New Antibody Shows Promise Against Sudan Strain Of Ebola

Researchers have developed a potential antibody therapy for Sudan ebolavirus (SUDV), one of...

Raloxifene: X-Ray Scattering Reveals A New Mode Of Action For Osteoporosis Drug

Raloxifene is a U.S. Food and Drug Administration (FDA)-approved treatment for decreasing fracture...

High Dietary Salt Linked To Multiple Sclerosis Symptoms

Some research has indicated that salt might alter the autoimmune response, which is implicated...

Rapamycin Vs. FK506 For Schwann Cell Migration And Peripheral Nerve Repair

FK506 possesses a well-studied neuroregenerative effect, stimulating neurite extension in the presence...

User picture.
News StaffRSS Feed of this column.

News Releases From All Over The World, Right To You... Read More »


In the United States northeast, there is a joke that there is an easy way to spot someone who went to Harvard or Yale; it will be the person asking which college you attended. You can substitute Mensa or lots of other groups that have status for members but a new psychology paper says what most knew; entrenched members of groups are more relaxed about their status than marginal ones.

Thousands of fishing traps are lost each year in U.S. waters. These derelict traps continue "ghost fishing" and catch fish, crabs, and other species such as turtles, which results in losses to habitat, fisheries, and the watermen who depend on the resources - losses that are largely preventable, according to a new NOAA paper in the Marine Pollution Bulletin

The paper looks at the results of seven NOAA-funded studies in different fisheries across the U.S., and compares the severity of the problem, and common management challenges across the regions. It also reports certain findings from the studies for the first time in peer-reviewed literature, such as estimates of derelict trap numbers and how long they remain in the environment.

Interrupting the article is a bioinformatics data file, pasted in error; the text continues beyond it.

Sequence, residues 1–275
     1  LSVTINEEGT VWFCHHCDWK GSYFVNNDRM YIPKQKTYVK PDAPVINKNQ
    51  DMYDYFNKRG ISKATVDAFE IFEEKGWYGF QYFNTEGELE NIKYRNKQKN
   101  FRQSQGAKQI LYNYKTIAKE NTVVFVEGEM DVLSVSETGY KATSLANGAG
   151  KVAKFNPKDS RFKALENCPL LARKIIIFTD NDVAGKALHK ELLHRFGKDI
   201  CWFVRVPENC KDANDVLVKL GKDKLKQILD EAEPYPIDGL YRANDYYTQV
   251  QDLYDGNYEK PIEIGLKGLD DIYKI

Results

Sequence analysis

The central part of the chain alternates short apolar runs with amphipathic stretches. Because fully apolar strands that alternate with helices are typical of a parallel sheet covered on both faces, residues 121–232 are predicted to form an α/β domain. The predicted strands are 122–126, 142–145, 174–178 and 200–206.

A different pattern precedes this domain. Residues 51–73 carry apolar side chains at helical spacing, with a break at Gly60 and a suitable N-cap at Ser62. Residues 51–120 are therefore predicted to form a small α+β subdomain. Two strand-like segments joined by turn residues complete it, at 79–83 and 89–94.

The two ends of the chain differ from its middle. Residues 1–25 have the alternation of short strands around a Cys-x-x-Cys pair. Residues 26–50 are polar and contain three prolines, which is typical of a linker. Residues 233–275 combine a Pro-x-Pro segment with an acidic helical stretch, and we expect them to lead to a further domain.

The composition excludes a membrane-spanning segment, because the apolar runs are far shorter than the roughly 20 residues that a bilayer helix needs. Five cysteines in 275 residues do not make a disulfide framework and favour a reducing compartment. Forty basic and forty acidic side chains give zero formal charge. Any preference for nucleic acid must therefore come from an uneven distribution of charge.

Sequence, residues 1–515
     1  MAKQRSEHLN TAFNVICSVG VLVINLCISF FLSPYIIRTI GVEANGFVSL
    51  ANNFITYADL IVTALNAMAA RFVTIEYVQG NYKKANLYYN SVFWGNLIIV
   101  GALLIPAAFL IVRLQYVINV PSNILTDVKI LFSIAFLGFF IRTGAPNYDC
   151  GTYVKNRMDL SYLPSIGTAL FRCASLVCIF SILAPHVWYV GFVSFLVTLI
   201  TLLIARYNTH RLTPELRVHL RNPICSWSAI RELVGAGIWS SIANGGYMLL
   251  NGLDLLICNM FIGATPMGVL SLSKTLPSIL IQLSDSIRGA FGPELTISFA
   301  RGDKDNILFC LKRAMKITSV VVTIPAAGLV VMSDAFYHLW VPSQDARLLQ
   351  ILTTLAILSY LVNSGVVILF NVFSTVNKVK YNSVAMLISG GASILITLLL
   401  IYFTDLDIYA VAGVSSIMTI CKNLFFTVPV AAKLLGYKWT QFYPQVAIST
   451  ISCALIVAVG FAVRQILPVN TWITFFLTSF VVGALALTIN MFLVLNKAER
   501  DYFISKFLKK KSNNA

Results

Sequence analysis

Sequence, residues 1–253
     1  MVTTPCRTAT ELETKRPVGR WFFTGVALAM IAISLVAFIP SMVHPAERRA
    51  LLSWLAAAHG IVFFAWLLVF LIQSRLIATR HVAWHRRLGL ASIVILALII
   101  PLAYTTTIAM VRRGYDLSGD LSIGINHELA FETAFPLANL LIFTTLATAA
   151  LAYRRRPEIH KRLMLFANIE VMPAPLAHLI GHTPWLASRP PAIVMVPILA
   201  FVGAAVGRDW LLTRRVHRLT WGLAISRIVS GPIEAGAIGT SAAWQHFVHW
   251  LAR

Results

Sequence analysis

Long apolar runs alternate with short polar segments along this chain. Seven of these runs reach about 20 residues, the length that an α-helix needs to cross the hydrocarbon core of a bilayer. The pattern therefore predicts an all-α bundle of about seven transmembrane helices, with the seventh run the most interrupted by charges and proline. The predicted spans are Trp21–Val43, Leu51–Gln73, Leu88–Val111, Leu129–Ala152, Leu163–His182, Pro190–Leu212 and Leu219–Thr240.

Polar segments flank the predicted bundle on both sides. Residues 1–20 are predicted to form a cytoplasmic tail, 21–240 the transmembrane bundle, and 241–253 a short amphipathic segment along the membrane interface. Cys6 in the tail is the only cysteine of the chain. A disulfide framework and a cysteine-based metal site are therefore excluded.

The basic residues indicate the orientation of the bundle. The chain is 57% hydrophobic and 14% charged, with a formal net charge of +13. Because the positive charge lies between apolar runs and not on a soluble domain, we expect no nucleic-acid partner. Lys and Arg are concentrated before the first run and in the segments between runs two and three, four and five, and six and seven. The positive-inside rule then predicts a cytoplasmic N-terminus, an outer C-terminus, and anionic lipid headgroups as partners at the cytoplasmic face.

The tectonic plate that dominates the Pacific "Ring of Fire" is not as rigid as most assume, and it's getting less fiery. according to researchers at Rice University and the University of Nevada. 

Epidemiologists have correlated eating over 10 portions per week of tomatoes with an 18 percent lower risk of developing prostate cancer, new research suggests.

Prostate cancer is the second most common cancer in men worldwide and diagnosed rates are higher in developed countries, which some claim means is due to a Westernized diet and lifestyle.

To assess if following dietary and lifestyle recommendations reduces risk of prostate cancer, scholars at the Universities of Bristol, Cambridge and Oxford looked at the diets and lifestyle of 1,806 men aged between 50 and 69 with prostate cancer and compared with 12,005 cancer-free men.

A growing number of consumers are willing to pay a premium for fruits, vegetables and other foods labeled "organic", but whether they're getting what the label claims is another matter. 

For over a decade it has been known that since there is no surprise spot testing of farms, and very little on imported food at all, organic labels may be meaningless. A few years ago, 25 percent of the organic food bought from Whole Foods stores was found to be conventional.

Hepatocellular carcinoma (HCC) is the second leading cause of cancer-associated death worldwide, due to the difficulty in treating this cancer using conventional chemotherapeutic drugs such as doxorubicin, epirubicin, cisplatin, 5-fluorouracil or etoposide.